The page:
In 1840, he decided to leave the farm and seek an education. Brown, with the help of his younger brother James and his father's plow horse, drove a yoke of oxen on a 125-mile trek to an Academy in South Carolina, where Brown exchanged the oxen for eight months' board and lodging.

His paternal ancestors were Scotch-Irish, his immediate ancestor the descendant of emigrants, of honorable descent, to Virginia upwards of a century ago. The grandfather, Joseph Brown, was a whig rebel, and took active part in the War for independence. The father, Mackey Brown, was a native of South Carolina, to which State the ancestors had removed. In early life he removed and became a citizen of Tennessee where he joined the army in the brigade of General Carroll and served under General Jackson in the campaign of New Orleans. There was a consequent family admiration of Jackson as a hero and statesman.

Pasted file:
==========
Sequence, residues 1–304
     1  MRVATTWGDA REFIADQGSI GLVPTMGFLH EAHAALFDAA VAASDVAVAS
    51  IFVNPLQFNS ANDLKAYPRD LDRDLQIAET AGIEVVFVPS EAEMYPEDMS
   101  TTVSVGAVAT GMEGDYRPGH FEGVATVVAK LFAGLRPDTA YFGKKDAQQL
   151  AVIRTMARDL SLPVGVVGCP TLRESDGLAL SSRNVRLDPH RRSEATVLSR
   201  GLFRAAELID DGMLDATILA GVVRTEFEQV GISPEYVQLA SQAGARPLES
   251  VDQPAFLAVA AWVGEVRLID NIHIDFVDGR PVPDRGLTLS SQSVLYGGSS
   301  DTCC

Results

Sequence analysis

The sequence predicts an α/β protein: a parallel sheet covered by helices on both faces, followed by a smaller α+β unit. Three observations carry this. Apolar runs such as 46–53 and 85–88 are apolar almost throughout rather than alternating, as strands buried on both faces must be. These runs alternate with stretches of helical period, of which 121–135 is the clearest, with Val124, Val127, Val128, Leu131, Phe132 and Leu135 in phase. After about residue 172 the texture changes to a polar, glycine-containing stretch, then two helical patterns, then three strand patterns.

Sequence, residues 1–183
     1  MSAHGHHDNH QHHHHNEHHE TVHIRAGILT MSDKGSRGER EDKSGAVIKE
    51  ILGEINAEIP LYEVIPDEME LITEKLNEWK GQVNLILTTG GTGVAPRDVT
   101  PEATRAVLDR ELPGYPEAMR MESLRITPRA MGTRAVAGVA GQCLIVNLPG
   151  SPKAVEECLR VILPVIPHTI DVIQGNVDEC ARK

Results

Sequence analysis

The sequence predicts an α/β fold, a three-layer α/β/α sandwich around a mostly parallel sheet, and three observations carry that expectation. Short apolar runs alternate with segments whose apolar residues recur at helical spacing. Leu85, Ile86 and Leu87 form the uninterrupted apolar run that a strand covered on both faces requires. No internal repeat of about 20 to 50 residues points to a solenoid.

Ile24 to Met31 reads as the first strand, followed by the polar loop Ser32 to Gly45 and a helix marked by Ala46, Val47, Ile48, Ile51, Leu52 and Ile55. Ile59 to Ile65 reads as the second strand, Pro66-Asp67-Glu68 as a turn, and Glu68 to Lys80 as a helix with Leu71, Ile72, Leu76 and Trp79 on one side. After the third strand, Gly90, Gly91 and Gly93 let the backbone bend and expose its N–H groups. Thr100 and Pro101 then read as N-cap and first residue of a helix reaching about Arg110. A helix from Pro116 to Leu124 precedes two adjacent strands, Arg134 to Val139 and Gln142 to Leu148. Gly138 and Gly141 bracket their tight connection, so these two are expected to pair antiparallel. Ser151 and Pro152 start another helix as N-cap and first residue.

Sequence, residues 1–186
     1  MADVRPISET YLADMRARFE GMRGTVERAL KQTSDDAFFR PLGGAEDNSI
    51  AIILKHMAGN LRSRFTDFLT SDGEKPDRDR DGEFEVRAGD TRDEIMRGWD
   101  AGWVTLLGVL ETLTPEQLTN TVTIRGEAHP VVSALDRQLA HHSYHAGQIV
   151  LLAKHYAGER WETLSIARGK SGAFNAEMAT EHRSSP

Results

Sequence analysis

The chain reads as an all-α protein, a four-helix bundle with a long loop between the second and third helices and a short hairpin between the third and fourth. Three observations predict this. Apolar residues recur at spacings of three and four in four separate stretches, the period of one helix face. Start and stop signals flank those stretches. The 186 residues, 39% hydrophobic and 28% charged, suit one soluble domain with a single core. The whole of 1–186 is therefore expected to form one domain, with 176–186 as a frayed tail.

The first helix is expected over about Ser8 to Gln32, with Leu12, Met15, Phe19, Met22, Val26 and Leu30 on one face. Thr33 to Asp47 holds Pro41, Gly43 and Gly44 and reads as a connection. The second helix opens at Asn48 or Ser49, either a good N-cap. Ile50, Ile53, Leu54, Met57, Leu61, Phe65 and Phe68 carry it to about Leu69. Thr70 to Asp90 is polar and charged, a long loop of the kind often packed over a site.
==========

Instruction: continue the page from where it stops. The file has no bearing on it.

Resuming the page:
His mother's maiden name was Sally Rice, who was also of Virginian ancestry. The Rice family having before emigrated to Tennessee, Mackey Brown and Sally Rice were married and resided in that State until a short time before the birth of Joseph Emerson, which took place on the 15th day of April, 1821, in Pickens district, South Carolina, whither the parents had removed. During his boyhood they removed to and settled in Union county, which is in north-eastern Georgia.
Joseph Brown's father did not own slaves. It was in that remote mountain home, under the control of and in dutiful and affectionate obedience to steady religious Baptist parents, that he passed his early youth. He labored in the field and attended stock to aid in the family support until he was nineteen years of age. He had been sent to the country schools, had learned to read and write, and had acquired some knowledge of arithmetic and the elementary branches of ordinary education.